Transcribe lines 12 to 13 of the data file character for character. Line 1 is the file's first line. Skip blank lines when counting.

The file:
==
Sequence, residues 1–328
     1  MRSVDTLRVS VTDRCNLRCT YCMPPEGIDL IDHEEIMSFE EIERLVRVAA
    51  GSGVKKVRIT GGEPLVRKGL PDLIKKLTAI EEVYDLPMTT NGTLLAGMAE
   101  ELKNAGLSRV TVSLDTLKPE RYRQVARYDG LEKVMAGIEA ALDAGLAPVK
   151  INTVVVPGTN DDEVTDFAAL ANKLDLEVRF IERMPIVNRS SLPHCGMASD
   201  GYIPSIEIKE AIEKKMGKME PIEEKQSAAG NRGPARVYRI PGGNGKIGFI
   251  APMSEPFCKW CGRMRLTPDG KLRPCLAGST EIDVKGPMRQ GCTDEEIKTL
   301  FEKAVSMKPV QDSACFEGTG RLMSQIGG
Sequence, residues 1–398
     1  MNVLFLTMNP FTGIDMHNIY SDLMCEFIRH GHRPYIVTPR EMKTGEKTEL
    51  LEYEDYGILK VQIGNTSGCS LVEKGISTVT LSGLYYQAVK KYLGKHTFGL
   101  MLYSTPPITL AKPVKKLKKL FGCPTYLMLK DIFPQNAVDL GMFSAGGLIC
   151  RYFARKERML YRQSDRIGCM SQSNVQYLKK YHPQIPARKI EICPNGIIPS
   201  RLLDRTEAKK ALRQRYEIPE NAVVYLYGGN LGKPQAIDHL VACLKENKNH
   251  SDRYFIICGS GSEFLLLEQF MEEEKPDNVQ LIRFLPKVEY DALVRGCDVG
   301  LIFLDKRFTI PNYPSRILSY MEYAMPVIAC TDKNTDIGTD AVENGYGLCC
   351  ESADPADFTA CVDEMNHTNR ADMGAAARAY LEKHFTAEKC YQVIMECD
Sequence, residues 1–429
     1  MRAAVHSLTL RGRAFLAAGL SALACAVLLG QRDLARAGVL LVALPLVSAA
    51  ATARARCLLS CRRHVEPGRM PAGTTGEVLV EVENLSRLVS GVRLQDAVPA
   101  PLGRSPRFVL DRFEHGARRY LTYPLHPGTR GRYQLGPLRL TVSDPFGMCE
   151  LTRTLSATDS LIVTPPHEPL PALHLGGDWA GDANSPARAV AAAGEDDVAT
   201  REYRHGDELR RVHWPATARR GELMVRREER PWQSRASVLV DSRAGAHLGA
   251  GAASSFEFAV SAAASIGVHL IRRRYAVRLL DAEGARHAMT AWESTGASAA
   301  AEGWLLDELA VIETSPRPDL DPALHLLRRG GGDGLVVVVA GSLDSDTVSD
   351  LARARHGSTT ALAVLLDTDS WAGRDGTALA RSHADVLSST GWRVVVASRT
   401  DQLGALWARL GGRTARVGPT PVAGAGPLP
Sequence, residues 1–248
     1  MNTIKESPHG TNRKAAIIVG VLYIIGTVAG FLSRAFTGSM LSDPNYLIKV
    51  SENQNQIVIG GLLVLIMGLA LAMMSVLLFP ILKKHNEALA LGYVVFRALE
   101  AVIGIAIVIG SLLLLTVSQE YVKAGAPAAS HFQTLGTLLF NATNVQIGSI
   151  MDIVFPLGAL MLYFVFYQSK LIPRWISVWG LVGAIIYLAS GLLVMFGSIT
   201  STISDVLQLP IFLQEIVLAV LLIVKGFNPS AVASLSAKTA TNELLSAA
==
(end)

   101  MLYSTPPITL AKPVKKLKKL FGCPTYLMLK DIFPQNAVDL GMFSAGGLIC
   151  RYFARKERML YRQSDRIGCM SQSNVQYLKK YHPQIPARKI EICPNGIIPS